The head of the Maldives broadcasting regulator met with Supreme Court Justices Wednesday to raise concerns after the criminal court barred several media outlets from observing trials.
The Maldives Broadcasting Commission said in a statement that its president, Mohamed Shaheeb, discussed “seeking a solution to the tension between the media and the judiciary”.
Shaheeb expressed concern with the criminal court barring reporters as it is an obstruction to the freedom of the press guaranteed by the constitution. According to the MBC, he sought to clear up both why the media is facing difficulties in covering news related to the judiciary and what rules the journalists had ostensibly violated.
“And if there are any problems with broadcasted content, [Shaheeb] requested giving an opportunity for the broadcasting commission to take action under the broadcasting law and the broadcasting code of practice without the court taking immediate action,” the MBC said.
Shaheeb also stressed the importance of steps that could be taken to familiarise court reporters with judicial rules and regulations. Journalists also need more training and experience to cover trials more professionally, he said, and suggested accrediting court reporters.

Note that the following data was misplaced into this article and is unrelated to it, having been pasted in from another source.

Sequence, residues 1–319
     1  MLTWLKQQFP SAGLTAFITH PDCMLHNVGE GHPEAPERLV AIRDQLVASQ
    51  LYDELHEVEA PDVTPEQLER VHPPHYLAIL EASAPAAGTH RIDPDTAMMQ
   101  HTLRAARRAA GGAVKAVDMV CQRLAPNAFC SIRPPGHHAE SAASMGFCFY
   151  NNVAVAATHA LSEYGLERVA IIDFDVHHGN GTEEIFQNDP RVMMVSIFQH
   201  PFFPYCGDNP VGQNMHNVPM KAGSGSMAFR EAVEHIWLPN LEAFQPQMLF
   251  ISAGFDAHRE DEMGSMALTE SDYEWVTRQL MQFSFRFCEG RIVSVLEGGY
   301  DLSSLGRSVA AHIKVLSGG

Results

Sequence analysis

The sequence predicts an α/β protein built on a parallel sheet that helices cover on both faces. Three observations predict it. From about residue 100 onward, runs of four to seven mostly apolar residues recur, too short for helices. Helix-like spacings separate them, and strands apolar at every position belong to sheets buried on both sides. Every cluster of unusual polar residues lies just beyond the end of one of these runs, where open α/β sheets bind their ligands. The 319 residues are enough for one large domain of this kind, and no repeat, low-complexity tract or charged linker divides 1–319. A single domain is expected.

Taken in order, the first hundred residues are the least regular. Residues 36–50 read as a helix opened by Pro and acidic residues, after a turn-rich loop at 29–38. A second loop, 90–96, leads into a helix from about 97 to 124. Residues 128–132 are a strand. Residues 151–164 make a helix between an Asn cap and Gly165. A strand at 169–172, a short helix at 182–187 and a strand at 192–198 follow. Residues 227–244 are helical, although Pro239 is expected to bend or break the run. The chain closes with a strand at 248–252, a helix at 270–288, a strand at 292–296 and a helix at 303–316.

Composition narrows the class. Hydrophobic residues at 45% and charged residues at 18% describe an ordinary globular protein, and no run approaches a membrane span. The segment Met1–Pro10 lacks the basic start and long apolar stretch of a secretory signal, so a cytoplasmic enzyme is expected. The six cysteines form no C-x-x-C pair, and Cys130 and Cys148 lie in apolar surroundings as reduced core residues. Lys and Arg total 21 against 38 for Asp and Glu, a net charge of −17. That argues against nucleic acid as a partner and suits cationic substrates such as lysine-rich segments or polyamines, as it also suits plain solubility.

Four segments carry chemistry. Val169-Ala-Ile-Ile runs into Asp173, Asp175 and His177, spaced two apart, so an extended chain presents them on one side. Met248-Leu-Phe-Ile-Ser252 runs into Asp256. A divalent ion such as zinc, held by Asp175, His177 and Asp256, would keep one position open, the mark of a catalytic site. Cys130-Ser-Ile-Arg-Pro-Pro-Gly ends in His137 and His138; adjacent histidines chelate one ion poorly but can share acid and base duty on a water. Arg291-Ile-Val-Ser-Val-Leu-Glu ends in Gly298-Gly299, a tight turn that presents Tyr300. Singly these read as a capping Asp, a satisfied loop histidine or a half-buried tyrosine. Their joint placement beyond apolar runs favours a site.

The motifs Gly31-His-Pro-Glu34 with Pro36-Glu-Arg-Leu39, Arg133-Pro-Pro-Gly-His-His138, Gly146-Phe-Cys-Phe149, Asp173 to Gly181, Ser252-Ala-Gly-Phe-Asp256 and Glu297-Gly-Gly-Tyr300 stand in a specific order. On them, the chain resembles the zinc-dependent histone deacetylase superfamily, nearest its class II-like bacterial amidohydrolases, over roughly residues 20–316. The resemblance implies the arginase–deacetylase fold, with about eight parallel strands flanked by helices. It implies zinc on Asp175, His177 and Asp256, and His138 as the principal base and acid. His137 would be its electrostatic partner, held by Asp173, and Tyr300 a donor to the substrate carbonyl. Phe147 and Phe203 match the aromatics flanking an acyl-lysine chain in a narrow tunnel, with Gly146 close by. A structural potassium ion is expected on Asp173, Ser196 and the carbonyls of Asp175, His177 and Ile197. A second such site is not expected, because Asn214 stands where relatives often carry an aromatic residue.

According to the MBC, Chief Justice Abdulla Saeed said he welcomes “free and responsible journalism” but “noted that a few people were misusing the media.”
He also assured Shaheeb of efforts by the Supreme Court to resolve the strained relationship between the judiciary and the press.
The chief justice said media outlets should work responsibly to uphold national interest.
Earlier this month, the criminal court banned government-aligned news websites Haveeru, V News and Avas, from reporting on trials. A reason was not specified.
Journalists from Haveeru, Avas and V News were banned a day after their reporters photographed Judge Abdul Bari Yousuf as he was standing outside the courthouse.
Bari is under fire for his involvement in the jailing of leading opposition politicians, including former President Mohamed Nasheed.
Last week, the court also banned opposition-aligned Raajje TV from observing trials, even excluding the popular station’s reporters from a hearing on an arson attack that destroyed its head offices in 2013.
The Maldives Media Council, which regulates print and online papers, had labeled the criminal court’s actions as intimidation and obstruction of press freedom. The MMC sent a letter last week asking the court to specify reasons for the journalist’s suspension.
Journalists from the state broadcaster Public Service Media and independent outlet CNM have also been suspended from hearings previously on a variety of charges.
Court officials have regularly reprimanded reporters for “unfair coverage” of trials involving politicians.
Reporters Without Borders meanwhile issued a statement in German expressing concern over press freedom in the Maldives, this year’s partner country of the ITB Berlin Tourism Fair. Journalists who take up sensitive issues are subject to arrests, threats and violence, the global press freedom group said.